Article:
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Frederick H. Dyer, Compendium of the War of the Rebellion: Regimental Histories 221 221 Browse Search
The Atlanta (Georgia) Campaign: May 1 - September 8, 1864., Part I: General Report. (ed. Maj. George B. Davis, Mr. Leslie J. Perry, Mr. Joseph W. Kirkley) 33 33 Browse Search
Southern Historical Society Papers, Volume 6. (ed. Reverend J. William Jones) 18 18 Browse Search
Harper's Encyclopedia of United States History (ed. Benson Lossing) 17 17 Browse Search
Rebellion Record: a Diary of American Events, Diary from December 17, 1860 - April 30, 1864 (ed. Frank Moore) 17 17 Browse Search
Thomas Wentworth Higginson, Massachusetts in the Army and Navy during the war of 1861-1865, vol. 1, Condensed history of regiments. 11 11 Browse Search
Thomas Wentworth Higginson, Massachusetts in the Army and Navy during the war of 1861-1865, vol. 2 9 9 Browse Search
William Schouler, A history of Massachusetts in the Civil War: Volume 2 7 7 Browse Search
William F. Fox, Lt. Col. U. S. V., Regimental Losses in the American Civil War, 1861-1865: A Treatise on the extent and nature of the mortuary losses in the Union regiments, with full and exhaustive statistics compiled from the official records on file in the state military bureaus and at Washington 6 6 Browse Search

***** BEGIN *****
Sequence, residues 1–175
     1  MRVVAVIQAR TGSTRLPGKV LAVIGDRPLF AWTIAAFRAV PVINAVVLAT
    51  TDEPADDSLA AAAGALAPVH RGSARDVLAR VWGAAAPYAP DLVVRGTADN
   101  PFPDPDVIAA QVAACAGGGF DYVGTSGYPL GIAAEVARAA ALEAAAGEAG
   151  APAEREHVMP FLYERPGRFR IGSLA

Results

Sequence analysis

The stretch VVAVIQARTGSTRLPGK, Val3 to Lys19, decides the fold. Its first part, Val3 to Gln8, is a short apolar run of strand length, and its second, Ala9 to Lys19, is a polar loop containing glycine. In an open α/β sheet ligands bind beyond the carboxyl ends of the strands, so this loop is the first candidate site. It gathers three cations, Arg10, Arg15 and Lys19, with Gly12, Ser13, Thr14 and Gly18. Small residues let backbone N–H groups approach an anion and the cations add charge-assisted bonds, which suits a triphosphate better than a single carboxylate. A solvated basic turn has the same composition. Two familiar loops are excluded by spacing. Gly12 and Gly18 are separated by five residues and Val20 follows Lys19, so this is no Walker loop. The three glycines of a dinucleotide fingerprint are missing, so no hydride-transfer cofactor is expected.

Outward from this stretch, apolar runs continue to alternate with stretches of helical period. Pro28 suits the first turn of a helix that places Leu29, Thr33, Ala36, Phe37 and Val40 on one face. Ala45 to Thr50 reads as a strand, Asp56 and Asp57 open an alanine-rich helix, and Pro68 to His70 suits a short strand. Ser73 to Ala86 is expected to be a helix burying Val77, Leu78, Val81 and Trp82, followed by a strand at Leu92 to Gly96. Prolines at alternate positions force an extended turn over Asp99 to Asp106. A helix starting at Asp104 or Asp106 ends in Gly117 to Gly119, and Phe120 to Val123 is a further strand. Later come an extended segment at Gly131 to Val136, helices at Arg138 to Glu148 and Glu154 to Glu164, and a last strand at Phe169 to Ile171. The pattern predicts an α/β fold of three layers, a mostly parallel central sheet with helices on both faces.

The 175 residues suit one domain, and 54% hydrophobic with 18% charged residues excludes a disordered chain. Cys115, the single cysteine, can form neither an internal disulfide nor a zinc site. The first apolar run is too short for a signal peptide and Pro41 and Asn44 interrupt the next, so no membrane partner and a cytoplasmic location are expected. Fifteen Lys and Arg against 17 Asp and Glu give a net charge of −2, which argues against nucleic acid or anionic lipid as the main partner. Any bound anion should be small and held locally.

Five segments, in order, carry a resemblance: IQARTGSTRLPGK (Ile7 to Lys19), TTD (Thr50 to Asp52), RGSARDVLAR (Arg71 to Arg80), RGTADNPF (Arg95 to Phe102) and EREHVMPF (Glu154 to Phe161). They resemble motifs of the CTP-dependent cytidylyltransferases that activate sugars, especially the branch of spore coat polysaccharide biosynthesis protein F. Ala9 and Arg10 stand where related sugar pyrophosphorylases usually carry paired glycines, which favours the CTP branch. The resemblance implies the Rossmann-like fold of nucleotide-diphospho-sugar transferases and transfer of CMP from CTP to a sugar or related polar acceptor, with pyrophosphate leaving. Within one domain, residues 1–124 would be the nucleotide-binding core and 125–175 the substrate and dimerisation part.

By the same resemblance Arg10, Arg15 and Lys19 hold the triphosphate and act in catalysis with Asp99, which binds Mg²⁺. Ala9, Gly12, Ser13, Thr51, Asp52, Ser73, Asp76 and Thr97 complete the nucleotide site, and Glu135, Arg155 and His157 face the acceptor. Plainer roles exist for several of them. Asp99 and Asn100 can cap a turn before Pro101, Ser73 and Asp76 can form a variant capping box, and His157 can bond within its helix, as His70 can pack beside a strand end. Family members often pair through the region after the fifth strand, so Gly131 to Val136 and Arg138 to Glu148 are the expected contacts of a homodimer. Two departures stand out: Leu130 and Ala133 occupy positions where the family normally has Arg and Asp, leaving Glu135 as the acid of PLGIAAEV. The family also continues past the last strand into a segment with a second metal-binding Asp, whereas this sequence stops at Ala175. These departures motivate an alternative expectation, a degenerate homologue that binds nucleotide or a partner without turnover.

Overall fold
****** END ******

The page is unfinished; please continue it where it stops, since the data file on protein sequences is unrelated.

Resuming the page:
Rebellion Record: a Diary of American Events: Documents and Narratives, Volume 2. (ed. Frank Moore) 6 6 Browse Search
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Browsing named entities in Admiral David D. Porter, The Naval History of the Civil War.. You can also browse the collection for June 20th or search for June 20th in all documents.

Your search returned 5 results in 4 document sections:

Admiral David D. Porter, The Naval History of the Civil War., Chapter 3: closing of Southern ports.--increase of the Navy.--list of vessels and their stations.--purchased vessels.--vessels constructing, etc. (search)